Committees can also consider enhancements that might be done over the longer term. Such steps might mean adding soil to bare areas before proceeding with new planting, installing benches, or augmenting lighting. Even erecting a gazebo, or planting a rose garden, or installing stone walls might not be outside the realm of possibilities!

Although the critical need is for committed volunteers to join their own (neighborhood) Grounds Committee, households themselves are important contributors to this effort. They may help to keep new trees well watered, add spring bulbs to common areas, and participate in annual clean-up days. These are wonderful opportunities even for neighborhood children to participate and add to the environmental appeal of their neighborhoods.

In short, residents in the various neighborhoods understand what will be pleasing to the eye and what will make for a safe and enjoyable environment for all. Each neighborhood’s own Grounds Committee can make the decisions about spending money (or perhaps holding onto it for a year or so for a major project) as it sees fit.

The budgets for 2014 for each committee are allocated from the GV POA overall budget. Otto White, of the POA, is the overall grounds committee liaison (contact: oeha1 at This year, the total budget for grounds enhancements is $35,688. Of this, $900 is set aside for the apartments, leaving $34,788 for the other five neighborhoods.

The available funds are targeted to the five neighborhoods according to an equitable distribution depending on the current number of units in each of the areas. Thus, for 2014, the percentages and funds available for each neighborhood are as follows:

Neighborhoods Number of Units Percentage of Grounds Enhancement Budget 2014 Allotment ($)
Townes 160 31.7% $11,044
Park 144 28.6% $ 9,939
Village 100 19.8% $ 6,902
Forest 51 10.1% $ 3,520
Lake 49 9.7% $ 3,382

These amounts do not include any carryovers from previous years. That is, some neighborhood Grounds Committees may actually have more to use this year, or they may elect to save some funding for a major enhancement in 2015.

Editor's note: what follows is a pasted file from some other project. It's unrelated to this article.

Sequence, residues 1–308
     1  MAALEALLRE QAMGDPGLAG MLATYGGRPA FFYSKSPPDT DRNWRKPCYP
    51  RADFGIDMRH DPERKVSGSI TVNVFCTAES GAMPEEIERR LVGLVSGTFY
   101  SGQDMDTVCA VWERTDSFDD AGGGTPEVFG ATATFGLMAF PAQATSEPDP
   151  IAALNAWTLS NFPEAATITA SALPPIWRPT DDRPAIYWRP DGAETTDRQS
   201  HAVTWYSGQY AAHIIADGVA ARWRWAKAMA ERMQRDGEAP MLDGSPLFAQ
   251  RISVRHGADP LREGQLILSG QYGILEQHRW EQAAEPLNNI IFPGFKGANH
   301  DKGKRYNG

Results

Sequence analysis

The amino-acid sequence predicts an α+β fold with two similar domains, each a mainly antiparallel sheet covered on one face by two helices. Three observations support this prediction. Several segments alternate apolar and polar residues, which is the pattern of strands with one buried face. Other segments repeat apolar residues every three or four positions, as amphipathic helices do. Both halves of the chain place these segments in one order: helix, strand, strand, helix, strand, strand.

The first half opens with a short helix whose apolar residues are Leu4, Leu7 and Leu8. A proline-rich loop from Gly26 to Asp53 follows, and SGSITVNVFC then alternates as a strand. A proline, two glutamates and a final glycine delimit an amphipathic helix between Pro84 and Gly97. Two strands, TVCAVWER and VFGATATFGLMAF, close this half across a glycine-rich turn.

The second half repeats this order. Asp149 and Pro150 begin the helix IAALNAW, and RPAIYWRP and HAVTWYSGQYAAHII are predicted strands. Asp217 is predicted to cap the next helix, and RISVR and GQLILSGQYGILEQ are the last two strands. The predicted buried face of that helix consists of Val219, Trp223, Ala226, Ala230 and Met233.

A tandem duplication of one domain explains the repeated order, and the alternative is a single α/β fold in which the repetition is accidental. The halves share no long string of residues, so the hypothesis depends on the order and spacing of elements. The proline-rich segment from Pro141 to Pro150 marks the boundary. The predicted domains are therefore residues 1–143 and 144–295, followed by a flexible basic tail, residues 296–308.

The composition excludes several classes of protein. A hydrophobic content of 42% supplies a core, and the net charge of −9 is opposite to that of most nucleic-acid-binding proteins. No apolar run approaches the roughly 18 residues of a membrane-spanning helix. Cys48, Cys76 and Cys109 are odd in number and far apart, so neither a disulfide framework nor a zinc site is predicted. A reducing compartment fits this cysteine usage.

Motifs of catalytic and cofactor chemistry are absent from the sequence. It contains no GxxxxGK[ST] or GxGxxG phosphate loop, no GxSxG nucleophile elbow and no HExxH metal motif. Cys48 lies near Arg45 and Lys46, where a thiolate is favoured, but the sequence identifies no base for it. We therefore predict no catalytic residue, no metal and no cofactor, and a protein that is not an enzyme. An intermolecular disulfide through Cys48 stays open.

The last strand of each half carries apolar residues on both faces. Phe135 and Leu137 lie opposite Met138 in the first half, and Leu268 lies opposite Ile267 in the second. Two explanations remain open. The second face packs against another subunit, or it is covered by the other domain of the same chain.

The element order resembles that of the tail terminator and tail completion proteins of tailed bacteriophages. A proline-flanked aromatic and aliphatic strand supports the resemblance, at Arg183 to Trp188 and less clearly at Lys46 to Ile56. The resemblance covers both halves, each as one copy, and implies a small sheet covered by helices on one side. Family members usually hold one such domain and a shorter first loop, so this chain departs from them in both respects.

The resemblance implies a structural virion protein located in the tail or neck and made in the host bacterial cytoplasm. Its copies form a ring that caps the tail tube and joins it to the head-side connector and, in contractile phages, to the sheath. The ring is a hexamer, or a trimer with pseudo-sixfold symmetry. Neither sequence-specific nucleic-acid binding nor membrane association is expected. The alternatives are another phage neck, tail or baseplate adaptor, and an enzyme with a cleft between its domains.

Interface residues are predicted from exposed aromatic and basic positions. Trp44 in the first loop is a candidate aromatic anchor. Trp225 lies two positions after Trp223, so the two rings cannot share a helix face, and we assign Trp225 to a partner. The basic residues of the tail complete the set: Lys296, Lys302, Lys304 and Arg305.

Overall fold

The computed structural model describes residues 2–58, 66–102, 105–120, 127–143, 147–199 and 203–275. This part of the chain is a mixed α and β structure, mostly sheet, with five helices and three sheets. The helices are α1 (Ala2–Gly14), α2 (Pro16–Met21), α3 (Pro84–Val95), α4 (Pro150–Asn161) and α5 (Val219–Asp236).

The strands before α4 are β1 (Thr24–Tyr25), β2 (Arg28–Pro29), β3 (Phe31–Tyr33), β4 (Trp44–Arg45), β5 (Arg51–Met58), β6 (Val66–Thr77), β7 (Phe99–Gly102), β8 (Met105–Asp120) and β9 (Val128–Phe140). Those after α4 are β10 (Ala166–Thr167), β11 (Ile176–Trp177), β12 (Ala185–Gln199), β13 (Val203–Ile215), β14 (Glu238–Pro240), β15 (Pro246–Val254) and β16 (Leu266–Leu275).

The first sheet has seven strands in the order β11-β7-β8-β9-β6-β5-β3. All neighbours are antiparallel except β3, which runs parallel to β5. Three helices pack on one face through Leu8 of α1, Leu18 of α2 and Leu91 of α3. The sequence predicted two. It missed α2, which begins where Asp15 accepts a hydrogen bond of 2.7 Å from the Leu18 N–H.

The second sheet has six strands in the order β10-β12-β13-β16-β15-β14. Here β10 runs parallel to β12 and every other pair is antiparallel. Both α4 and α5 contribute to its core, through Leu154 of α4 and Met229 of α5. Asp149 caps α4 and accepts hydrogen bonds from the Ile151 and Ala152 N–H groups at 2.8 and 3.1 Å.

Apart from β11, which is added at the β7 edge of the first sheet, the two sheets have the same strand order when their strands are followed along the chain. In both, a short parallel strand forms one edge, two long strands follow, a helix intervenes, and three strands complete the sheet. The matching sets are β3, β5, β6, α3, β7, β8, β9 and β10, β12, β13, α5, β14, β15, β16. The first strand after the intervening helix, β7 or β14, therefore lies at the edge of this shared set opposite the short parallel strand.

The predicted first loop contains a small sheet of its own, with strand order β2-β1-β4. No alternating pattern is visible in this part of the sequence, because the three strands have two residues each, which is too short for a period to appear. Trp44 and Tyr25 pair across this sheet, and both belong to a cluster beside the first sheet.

One important point to underscore is that the neighborhood enhancement monies are not the only funds available for improvements and to neighborhood environments.  The main POA board will continue to plan for and fund larger-scale improvements — ones that are simply too big or too costly for this enhancement program.  Recent examples of these more challenging projects include the expansion of the pool deck and the significant improvements around the lake. Each was funded by the POA board itself, outside of or in addition to neighborhood enhancement monies for these two neighborhoods.

The committee chairs or contacts for each of the neighborhoods are the following volunteers. They will be very happy to hear from you to volunteer your time to serve on the committee or for your ideas:

Townes – Peter DeStabler – destaeblerp at
Park – Jo Watta – jwatta1 at
Village – Ann Cowen – anncowen24 at and
Wes Weaver waweaver2003 at
Forest – Rosemary McGee – rosemarycm at and
Steve Simon ssimon at
Lake – Bill Hlavac – bill.hlavac at and
Terry O’Brien – tcob0304 at

On behalf of the Governors Village POA Board of Directors, we urge you to volunteer for your own neighborhood’s Grounds Committee, and exercise your voice about the soft and hard landscaping options and enhancements for your own backyard!


Questions about this Governors Village In Depth article or suggestions for another topic?
Contact: Kathy Lohr (Communication Committee special features coordinator and editor) – kathy.lohr at

Governors Village In Depth is sponsored by the Communication Committee.